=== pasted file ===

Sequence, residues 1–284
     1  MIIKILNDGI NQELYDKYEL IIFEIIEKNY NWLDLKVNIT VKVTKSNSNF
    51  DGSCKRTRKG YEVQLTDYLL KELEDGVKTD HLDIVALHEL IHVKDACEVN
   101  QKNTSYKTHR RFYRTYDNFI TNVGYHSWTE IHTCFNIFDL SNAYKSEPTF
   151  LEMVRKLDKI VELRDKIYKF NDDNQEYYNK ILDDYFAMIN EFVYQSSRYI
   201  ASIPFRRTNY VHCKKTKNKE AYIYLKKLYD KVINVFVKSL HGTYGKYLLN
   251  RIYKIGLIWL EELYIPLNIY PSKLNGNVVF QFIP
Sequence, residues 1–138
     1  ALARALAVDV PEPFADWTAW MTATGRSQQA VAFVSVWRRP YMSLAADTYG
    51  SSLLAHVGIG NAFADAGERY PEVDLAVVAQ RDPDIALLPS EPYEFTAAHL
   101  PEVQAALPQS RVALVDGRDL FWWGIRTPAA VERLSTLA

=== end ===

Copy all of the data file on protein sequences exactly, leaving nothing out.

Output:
Sequence, residues 1–284
     1  MIIKILNDGI NQELYDKYEL IIFEIIEKNY NWLDLKVNIT VKVTKSNSNF
    51  DGSCKRTRKG YEVQLTDYLL KELEDGVKTD HLDIVALHEL IHVKDACEVN
   101  QKNTSYKTHR RFYRTYDNFI TNVGYHSWTE IHTCFNIFDL SNAYKSEPTF
   151  LEMVRKLDKI VELRDKIYKF NDDNQEYYNK ILDDYFAMIN EFVYQSSRYI
   201  ASIPFRRTNY VHCKKTKNKE AYIYLKKLYD KVINVFVKSL HGTYGKYLLN
   251  RIYKIGLIWL EELYIPLNIY PSKLNGNVVF QFIP
Sequence, residues 1–138
     1  ALARALAVDV PEPFADWTAW MTATGRSQQA VAFVSVWRRP YMSLAADTYG
    51  SSLLAHVGIG NAFADAGERY PEVDLAVVAQ RDPDIALLPS EPYEFTAAHL
   101  PEVQAALPQS RVALVDGRDL FWWGIRTPAA VERLSTLA